New favourite economic term: Jedi Mind Tricks

These aren’t the droids you are looking for.

Saudi Arabia’s “jedi mind tricks” as described by FT Alphaville (and more recently here)  involve telling the market where they want the oil price to be. The aim is that if the market knows where Saudi Arabia wants the price to be, they might conclude that Saudi Arabia will change the oil supply to achieve that price. It would be foolhardy to bet against that clear message.

Of course, it does beg the question, why doesn’t Saudi just change the supply to achieve the price that want?

  • If the price is too low, they might want to increase the price without reducing supply, to increase their revenues even more.
  • If the price is too high (as it is now) they actually might prefer to increase supply without the price declining from a pure revenue perspective. This might require some Jedi Mind Tricks since natural supply and demand would move it to other way.  It seems they actually want something different now – they want a lower price to moderate economic stresses in the global economy (and presumably limit the incentive for research into oil alternatives and US offshore drilling etc.). It should be easy then to increase supply, make more profit and slowly watch the oil price decline. Win-win.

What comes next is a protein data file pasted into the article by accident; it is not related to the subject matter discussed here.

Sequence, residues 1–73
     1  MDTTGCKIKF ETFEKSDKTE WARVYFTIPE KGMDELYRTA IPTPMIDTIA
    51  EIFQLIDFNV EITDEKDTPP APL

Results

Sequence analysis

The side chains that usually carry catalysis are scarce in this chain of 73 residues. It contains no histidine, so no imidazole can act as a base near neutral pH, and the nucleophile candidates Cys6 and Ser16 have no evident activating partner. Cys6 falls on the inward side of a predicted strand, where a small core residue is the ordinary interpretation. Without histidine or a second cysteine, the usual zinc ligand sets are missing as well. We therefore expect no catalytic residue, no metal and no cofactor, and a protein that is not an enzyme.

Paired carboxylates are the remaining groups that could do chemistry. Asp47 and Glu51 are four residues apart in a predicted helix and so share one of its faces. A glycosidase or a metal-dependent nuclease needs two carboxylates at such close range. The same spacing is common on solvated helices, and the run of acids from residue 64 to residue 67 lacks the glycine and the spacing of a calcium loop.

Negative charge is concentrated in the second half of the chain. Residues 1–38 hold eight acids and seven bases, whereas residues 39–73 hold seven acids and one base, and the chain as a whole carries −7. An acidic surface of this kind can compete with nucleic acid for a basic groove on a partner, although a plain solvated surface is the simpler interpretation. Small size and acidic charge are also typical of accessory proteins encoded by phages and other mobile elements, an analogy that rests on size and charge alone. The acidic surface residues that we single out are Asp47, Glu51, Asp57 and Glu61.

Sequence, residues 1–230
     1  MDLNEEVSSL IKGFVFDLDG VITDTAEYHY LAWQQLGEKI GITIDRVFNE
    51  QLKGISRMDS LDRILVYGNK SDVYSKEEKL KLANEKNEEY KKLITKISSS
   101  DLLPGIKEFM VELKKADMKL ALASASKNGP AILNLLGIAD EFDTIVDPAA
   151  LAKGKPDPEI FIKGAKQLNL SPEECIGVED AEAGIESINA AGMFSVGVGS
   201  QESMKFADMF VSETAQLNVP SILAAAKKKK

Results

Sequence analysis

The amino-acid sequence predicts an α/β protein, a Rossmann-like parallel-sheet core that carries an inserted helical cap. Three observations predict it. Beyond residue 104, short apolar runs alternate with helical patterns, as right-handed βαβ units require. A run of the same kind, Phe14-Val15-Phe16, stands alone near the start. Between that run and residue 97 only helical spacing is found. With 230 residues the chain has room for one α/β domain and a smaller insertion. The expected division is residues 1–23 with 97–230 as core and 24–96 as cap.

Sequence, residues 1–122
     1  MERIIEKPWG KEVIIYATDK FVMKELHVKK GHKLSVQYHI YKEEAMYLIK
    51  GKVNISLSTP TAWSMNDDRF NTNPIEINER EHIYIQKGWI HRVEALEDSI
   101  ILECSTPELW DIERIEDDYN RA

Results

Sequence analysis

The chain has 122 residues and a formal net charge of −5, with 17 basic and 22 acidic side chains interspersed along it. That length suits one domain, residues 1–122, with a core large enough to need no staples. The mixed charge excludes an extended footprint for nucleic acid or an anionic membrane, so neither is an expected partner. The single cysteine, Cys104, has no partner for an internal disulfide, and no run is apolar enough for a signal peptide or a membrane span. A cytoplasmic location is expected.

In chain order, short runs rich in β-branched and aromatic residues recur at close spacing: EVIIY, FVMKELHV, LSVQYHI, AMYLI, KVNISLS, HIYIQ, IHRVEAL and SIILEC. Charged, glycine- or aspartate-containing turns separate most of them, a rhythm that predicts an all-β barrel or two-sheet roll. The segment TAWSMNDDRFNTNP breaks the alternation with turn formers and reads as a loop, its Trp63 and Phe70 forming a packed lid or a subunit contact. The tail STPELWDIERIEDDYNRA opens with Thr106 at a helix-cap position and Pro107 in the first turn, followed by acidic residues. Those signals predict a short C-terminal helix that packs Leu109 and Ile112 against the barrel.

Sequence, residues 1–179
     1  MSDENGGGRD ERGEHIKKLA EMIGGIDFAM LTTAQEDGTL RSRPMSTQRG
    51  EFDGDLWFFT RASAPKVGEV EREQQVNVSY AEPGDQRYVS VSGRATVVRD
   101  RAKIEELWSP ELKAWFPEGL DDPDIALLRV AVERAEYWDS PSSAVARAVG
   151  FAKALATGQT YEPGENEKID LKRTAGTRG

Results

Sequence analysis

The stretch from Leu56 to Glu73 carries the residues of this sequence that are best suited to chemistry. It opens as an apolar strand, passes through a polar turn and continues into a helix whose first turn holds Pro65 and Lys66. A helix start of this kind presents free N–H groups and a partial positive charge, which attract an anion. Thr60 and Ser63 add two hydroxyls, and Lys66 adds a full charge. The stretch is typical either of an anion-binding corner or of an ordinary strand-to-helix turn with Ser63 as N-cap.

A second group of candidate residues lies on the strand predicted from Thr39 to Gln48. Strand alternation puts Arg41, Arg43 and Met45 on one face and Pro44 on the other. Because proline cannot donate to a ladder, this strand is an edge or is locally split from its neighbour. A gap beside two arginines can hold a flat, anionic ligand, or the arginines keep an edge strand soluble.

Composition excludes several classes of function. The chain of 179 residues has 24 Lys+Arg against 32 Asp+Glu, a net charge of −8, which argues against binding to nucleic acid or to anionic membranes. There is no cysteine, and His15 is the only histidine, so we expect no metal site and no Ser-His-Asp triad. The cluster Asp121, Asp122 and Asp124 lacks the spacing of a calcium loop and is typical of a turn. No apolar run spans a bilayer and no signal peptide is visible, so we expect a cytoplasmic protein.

So why are they announcing this to the market? Clearly something is not working in the supply-demand theory for oil, suggesting sentiment plays a far bigger role in the day to day, month to month oil price than fundamentals do.

Or Saudi is running out of oil.

Published by David Kirk

The opinions expressed on this site are those of the author and other commenters and are not necessarily those of his employer or any other organisation. David Kirk runs Milliman’s actuarial consulting practice in Africa. He is an actuary and is the creator of New Business Margin on Revenue. He specialises in risk and capital management, regulatory change and insurance strategy . He also has extensive experience in embedded value reporting, insurance-related IFRS and share option valuation.

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